Major tobacco companies have technology to reduce carcinogen levels but do not apply it to popular smokeless tobacco products

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Abstract

In 2006, Reynolds American, Inc (RAI), a major tobacco company, purchased the American Snuff Company, LLC (formerly Conwood Company), manufacturer of the moist snuff products Grizzly and Kodiak. In January 2009, Altria Group, Inc (the parent company of Philip Morris USA), one of the world's largest tobacco companies, acquired the United States Smokeless Tobacco Company (USST), manufacturer of the popular moist snuff products Copenhagen and Skoal, sales of which totalled over 540 million cans in 2009. Smokeless tobacco is carcinogenic to humans, causing oral, pancreatic and esophageal cancer. 1 2 It has been known since the 1970s that smokeless tobacco products such as Copenhagen and Skoal contain relatively high levels of the carcinogenic tobacco-specific nitrosamines N9-nitrosonornicotine (NNN) and 4-(methylnitrosamino)- 1-(3-pyridyl)-1-butanone (NNK), themselves considered human carcinogens. 2 The typical 1e10 ppm amounts of both NNN and NNK in these products are hundreds to thousands of times higher than carcinogenic nitrosamine levels in non-tobacco products such as cured meat or beer. 3 No evidence has been found that Conwood and USST took any meaningful steps to reduce the relatively high levels of NNN and NNK in their products.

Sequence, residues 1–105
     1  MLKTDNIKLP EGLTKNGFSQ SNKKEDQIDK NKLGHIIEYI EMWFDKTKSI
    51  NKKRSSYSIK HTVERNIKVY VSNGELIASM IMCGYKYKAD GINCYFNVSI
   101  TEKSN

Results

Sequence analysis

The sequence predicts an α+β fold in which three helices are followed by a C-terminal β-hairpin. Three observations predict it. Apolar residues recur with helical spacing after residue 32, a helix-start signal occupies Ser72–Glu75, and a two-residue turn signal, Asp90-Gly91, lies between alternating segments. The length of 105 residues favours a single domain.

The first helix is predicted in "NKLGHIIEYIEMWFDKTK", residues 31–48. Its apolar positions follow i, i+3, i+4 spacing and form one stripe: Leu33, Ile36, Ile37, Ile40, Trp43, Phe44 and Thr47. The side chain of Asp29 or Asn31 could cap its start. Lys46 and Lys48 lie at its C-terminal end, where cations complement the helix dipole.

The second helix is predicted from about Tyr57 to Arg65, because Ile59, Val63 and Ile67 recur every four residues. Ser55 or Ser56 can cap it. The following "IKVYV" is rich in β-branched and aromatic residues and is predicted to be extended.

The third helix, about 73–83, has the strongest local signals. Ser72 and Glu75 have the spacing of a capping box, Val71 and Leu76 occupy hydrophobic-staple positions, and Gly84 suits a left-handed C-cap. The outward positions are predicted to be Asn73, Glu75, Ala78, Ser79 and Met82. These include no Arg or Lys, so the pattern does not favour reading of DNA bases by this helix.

Original languageEnglish (US)
Pages (from-to)443
Number of pages1
JournalTobacco control
Volume20
Issue number6
DOIs
StatePublished - Nov 2011

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